“The basis of performing involves presenting the appropriate level of need based on their perception of the service context,” said Hole.

While this practice does lead to increased odds of service access, Hole said the fact people feel they need to ‘perform’ in order to get appropriate services reinforces a homeless identity.

“With competition for resources contributing to the need for these performances that are in part, a side-effect of challenges related to service capacity, the problematic dynamic will persist as long as capacity issues do,” she said.

Cook said the findings are consistent with other communities, despite the fieldwork only taking place in downtown Kelowna.

“I think it’s clear that we need to think about how the policies and practices aimed at addressing homelessness may actually be contributing to people’s subjectification as a homeless person,” said Cook. “If we fail to recognize and have an appreciation for the ways in which the discourse underlying different approaches creates and reinforces this box, however inadvertently or unintentionally, we will continue to perpetuate homelessness.”

Do you have something to add to this story, or something else we should report on? Email: michael.rodriguez@kelownacapnews.com


@michaelrdrguez
Like us on Facebook and follow us on Twitter.

UBC

Get local stories you won't find anywhere else right to your inbox.
Sign up here

Just Posted

A health care worker prepares to test a Coastal GasLink field worker for COVID-19. (Coastal GasLink photo)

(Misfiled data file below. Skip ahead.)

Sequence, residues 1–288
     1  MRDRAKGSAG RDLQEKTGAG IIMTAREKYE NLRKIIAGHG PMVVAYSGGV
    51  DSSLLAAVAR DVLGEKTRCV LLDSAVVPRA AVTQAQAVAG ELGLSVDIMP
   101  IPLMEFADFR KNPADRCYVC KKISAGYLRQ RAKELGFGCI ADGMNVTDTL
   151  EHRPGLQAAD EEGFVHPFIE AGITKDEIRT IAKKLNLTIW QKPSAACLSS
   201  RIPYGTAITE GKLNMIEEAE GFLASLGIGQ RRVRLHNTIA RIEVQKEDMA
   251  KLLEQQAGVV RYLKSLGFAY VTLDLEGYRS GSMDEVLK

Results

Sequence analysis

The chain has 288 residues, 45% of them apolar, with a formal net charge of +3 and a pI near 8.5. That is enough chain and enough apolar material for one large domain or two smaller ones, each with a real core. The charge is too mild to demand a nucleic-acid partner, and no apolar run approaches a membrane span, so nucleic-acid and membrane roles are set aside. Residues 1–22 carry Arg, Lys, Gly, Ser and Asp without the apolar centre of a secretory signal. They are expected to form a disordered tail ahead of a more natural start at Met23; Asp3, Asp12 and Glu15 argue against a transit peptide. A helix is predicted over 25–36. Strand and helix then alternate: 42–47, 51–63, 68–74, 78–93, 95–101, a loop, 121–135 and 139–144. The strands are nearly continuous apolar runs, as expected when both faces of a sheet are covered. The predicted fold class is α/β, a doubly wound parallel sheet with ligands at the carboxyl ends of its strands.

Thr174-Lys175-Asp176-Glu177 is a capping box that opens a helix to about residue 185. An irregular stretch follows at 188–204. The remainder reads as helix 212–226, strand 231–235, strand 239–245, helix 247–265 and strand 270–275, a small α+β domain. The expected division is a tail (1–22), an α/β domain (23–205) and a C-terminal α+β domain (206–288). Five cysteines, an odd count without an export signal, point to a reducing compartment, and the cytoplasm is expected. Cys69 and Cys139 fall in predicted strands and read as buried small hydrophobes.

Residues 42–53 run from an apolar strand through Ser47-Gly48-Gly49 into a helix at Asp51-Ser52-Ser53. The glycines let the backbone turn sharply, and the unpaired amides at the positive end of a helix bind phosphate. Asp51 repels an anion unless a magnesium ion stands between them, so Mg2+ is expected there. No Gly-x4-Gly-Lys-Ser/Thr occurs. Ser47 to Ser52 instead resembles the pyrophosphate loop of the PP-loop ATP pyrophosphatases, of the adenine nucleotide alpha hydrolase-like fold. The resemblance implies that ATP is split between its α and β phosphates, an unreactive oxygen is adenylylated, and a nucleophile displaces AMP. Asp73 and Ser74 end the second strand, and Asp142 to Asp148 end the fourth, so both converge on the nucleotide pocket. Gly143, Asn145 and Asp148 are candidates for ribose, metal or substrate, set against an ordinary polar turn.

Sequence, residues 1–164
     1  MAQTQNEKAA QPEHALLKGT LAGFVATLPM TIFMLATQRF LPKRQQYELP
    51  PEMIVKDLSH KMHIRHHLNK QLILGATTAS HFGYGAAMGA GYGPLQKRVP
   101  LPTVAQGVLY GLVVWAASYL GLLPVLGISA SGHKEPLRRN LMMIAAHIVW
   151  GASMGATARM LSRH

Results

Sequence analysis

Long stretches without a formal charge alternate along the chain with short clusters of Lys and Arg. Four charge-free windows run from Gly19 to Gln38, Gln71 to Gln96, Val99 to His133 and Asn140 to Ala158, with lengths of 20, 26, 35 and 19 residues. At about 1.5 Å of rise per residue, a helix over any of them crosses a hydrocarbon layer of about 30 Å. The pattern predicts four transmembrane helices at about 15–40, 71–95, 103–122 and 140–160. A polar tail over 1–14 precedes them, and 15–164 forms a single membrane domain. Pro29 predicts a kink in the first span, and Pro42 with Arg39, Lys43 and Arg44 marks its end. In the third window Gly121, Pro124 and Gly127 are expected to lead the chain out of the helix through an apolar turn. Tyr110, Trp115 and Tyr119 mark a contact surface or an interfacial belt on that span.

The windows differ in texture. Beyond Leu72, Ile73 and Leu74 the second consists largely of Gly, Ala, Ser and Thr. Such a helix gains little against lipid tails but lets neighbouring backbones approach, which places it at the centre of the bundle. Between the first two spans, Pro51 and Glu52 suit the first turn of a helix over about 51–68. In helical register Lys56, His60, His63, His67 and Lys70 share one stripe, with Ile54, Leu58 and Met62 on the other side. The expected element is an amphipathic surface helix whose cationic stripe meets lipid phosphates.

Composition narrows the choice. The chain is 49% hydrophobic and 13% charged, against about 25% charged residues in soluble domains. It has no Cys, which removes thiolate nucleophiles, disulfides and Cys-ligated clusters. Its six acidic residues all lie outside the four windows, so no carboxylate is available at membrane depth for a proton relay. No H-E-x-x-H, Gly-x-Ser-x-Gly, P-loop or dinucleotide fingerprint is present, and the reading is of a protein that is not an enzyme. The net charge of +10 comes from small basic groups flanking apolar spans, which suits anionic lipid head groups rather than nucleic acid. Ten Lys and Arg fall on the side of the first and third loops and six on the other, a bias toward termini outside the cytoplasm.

Coastal GasLink begins COVID screening of pipeline workers

Construction is once again ramping up following Northern Health approval of COVID management plan

FILE – A COVID-19 vaccine being prepared. (Olivia Sullivan/Sound Publishing)
B.C. seniors 80 years and older to get COVID vaccine details over next 2 weeks: Henry

Province is expanding vaccine workforce as officials ramp up age-based rollout

Chris Paulson of Burns Lake took a quick selfie with a lynx over the weekend of Feb. 20-22, 2021, after the wild cat was found eating some of his chickens. (Chris Paulson/Facebook)
VIDEO: Burns Lake man grabs lynx by scruff after chickens attacked

‘Let’s see the damage you did, buddy,’ Chris Paulson says to the wild cat

Fisheries and Oceans Canada released it's 2021 Pacific Herring Integrated Fisheries Management Plan Feb. 19. (File photo)
Northern herring opportunities kept to a minimum

2021 management plan caps Prince Rupert fishery at 5 per cent